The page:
As a rain cloud darkened the sky above Asheville and the wind assaulted unfurled rainbow flags, a storm of anger from the LGBT and allied communities erupted as a crowd of about 300 protesters convened at the Vance Monument in downtown Asheville late Thursday Afternoon. The outpouring of frustration and dissatisfaction stemmed directly from the passage of House Bill 2, also called the Public Facilities Privacy & Security Act.
The state law overturns a recent nondiscrimination ordinance put in place by the city of Charlotte that included an explicit allowance for transgender men and women to use bathrooms and changing-room facilities they identify with. The law goes even further: It forbids other local governments from passing ordinances of a similar nature. It also seemingly guts a state law providing protection for employees who are fired because of their race, religion, color, national origin, age, sex or disability, according to the N.C. News Service.
Among the rushing wind, the honks of supportive passing drivers and the buzz of excited protesters, the featured speakers were sometimes hard to hear, but the general message was clear enough: All stated their desire to see the freshly passed law struck down.
Bringing all present to attention, singer Kat Williams belted out, “I’m gonna keep on walking…gonna build a better world.” Southern Equality Executive Director, the Rev. Jasmine Beach Ferrara then took the megaphone with a rallying cry, “I’m angry, I’m mad as hell, and I’m heartbroken!” Beach Ferrara said she felt betrayed by lawmakers. “We are here because the Republican legislature made a law to do one thing: to target people.” She assured the crowd that, “We will do everything in our power to fight for you.” She said no law can supersede the basic human and constitutional rights everyone is entitled to, and vowed to help people fight the law through the courts.
— Able Allen (@AbleLAllen) March 24, 2016
Ivy Hill, a transgender rights activist with the South Carolina based group TransAction, spoke next, asking the transgender people present to “live your truth out loud.” Hill’s message was that it is important to honor the fact that transgender people, whether we know it or not, are our family, friends, neighbors and colleagues. “We know that we are already equal,” Hill said. TransAction is offering all-gender bathroom signs free of charge to public businesses.
Transgender activist Brynn Estelle with Tranzmission, a social support group, said, “[The state legislature] called the emergency session to send a message, and that message was: ‘If you are transgender … or nongender binary, you are not welcome.'” The WNC native yelled,I can only speak for myself. I have no intensions of leaving!”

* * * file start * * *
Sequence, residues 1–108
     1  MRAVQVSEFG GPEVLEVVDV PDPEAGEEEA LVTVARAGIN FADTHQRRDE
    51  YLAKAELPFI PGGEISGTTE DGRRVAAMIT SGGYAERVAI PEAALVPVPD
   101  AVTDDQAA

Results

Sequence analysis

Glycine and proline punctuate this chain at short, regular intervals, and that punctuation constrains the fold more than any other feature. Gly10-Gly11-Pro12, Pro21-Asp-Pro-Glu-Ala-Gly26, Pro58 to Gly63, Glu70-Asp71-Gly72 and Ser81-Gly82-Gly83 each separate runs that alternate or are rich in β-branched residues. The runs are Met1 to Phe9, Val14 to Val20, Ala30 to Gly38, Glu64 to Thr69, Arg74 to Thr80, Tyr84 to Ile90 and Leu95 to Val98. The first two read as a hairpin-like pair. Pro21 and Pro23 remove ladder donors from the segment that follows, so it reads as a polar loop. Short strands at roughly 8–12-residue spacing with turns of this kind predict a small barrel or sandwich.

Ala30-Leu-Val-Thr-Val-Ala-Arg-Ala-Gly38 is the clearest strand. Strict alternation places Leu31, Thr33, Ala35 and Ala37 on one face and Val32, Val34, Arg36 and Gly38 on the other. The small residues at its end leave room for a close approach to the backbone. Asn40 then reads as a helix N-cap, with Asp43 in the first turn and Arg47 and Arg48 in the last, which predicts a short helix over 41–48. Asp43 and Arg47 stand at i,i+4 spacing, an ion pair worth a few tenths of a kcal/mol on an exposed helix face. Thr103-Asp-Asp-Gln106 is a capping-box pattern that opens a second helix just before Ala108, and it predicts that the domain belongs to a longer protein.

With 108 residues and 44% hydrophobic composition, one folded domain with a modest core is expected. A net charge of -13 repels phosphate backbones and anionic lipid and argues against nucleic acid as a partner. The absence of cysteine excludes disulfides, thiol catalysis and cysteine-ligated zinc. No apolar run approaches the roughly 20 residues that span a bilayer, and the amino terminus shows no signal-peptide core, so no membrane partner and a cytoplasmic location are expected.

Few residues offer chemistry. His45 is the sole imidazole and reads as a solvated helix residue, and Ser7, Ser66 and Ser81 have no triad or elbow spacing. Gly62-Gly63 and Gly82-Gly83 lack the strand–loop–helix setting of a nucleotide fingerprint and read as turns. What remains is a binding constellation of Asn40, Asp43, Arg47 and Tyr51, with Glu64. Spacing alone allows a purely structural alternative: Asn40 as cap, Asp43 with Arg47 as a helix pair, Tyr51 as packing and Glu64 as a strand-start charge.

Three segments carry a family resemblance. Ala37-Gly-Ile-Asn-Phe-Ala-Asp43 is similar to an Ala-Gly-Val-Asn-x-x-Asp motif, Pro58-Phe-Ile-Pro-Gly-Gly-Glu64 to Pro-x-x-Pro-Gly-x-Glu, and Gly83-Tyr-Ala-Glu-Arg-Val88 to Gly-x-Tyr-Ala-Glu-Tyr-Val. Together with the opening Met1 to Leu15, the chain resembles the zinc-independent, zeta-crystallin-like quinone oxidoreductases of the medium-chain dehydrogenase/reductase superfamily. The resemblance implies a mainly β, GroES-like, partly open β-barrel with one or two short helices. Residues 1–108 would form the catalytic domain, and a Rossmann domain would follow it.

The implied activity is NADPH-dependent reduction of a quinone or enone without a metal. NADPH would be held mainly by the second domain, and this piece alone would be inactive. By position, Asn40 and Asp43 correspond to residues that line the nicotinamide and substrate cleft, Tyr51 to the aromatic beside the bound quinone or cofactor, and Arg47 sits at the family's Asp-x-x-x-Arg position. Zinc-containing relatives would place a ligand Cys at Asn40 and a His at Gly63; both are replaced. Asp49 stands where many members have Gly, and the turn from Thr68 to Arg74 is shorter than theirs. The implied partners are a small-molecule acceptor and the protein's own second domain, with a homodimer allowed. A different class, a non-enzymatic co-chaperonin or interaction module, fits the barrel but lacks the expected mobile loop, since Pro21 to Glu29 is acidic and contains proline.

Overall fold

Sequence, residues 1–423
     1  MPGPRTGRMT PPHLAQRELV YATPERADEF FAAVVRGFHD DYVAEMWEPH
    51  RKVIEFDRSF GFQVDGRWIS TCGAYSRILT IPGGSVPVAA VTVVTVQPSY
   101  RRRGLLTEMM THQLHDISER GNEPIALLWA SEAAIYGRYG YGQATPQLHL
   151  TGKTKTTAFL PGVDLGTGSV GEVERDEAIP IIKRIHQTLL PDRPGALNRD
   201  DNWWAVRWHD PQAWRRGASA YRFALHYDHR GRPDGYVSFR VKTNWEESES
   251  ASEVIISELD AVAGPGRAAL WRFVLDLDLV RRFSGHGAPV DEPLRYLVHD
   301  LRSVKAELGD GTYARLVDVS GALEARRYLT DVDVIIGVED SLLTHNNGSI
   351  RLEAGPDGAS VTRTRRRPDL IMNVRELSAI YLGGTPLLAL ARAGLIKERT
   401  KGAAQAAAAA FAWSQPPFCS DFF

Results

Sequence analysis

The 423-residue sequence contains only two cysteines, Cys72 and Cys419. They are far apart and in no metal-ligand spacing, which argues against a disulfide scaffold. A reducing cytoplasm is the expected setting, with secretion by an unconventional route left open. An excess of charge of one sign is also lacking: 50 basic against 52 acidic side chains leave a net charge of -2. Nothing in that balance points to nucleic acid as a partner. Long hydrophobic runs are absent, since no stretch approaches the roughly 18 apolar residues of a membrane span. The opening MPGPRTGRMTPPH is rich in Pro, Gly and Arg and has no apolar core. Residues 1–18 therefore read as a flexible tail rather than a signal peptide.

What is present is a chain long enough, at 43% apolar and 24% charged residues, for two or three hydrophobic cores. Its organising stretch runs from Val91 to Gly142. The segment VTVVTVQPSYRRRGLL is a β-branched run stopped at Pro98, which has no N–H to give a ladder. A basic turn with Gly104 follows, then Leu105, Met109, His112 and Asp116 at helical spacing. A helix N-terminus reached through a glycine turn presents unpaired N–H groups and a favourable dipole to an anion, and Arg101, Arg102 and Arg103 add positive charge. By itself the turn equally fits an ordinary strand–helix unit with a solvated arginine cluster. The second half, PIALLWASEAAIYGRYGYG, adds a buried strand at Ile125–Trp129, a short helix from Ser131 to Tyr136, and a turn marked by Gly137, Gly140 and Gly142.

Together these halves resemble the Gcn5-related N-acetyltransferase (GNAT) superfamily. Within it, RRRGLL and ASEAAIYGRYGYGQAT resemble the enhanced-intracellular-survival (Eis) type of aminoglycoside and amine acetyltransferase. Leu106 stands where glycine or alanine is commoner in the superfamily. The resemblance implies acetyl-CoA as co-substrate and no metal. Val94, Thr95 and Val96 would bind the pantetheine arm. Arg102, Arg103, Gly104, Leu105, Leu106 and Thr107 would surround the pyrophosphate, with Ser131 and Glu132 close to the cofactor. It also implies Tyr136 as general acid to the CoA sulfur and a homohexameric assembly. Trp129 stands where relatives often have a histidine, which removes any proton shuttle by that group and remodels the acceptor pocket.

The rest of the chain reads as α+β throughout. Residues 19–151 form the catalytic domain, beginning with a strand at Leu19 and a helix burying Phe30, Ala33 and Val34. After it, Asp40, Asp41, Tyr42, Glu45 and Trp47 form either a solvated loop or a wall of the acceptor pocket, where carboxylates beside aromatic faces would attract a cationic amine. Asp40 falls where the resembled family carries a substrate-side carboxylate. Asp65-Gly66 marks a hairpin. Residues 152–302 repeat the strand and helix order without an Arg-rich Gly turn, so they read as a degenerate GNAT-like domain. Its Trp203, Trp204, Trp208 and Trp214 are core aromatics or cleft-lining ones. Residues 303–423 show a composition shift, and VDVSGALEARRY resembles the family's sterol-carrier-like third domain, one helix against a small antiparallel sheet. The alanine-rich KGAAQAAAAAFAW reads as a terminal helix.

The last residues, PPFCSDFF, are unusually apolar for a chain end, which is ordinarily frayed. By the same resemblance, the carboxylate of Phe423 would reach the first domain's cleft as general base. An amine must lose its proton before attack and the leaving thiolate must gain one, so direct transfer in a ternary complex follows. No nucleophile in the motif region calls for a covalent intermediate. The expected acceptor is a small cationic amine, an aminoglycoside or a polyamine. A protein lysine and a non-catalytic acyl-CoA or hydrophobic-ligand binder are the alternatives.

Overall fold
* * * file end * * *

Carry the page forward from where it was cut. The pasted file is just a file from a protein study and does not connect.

The leader of the Asheville chapter of the N.A.A.C.P, Carmen Ramos-Kennedy, called HB2 “the worst anti-gay discrimination bill in the country,” and said it is important for people to stand together against oppression. “Anything that undermines the constitutional rights of one person,” she said, “undermines and hurts us all.”
Sen. Terry Van Duyn, just back from the special session in Raleigh, told the crowd, “What we did yesterday in the North Carolina legislature was wrong and it will not stand.”
Beach-Ferrara closed the event, calling for all present to take the energy of the the day back to their communities, to ask their elected leaders, “Who you are and what you believe in?” and to keep supporting one another because, “We are stronger together and there is no turning back.”
Despite the general mood of anger over the new law, there was also love and humor in evidence. Many in the group hugged one another and expressed support. There were also plenty of freshly minted protest signs taking advantage of the unavoidable humor of having this struggle revolve around bathrooms, such as: “Let me pee in peace,” “I shouldn’t have to be afraid to pee,” and “We poo just like u.” There was also a port-a-potty onsite that some planned to deliver to Raleigh; and there were rumors circulating of “shit-in” protests.
Last month, the city of Charlotte passed a controversial law forbidding discrimination based on sexual preference and gender identity. Opponents of the measure spoke out with concern about the safety of women and girls sharing a public bathroom with people born male. Supporters maintained that statistically the transgender people are at much higher risk of violence in a bathroom.
March 22nd, Lieutenant Governor Dan Forest (R), in his capacity as president of the state senate, joined House Speaker Tim Moore in calling the NC legislature to a special session beginning at 10 a.m. the following morning. The unusual procedure was called to stop the Charlotte law from going into effect as scheduled on April 1.
Wednesday, the body convened and overwhelmingly voted to have state law on discrimination supersede any local ordinances.
The law passed the house with a vote of 82 to 26 (11 absent including Rep. Susan Fisher of Buncombe County and Rep. Chuck McGrady of Henderson County), mostly along party lines with one Republican breaking ranks to vote against the bill and 11 Democrats voting for the measure. The Senate was a more sensational story with all 32 present voting for the bill and all 11 Democrats who showed up for the special session walking out before the final vote in protest, thereby abstaining from even casting a vote on the measure. Sen. Terry Van Duyn of Buncombe County said the walk out was because “This law is not what North Carolina is about and tells the rest of the nation that we are open for discrimination.”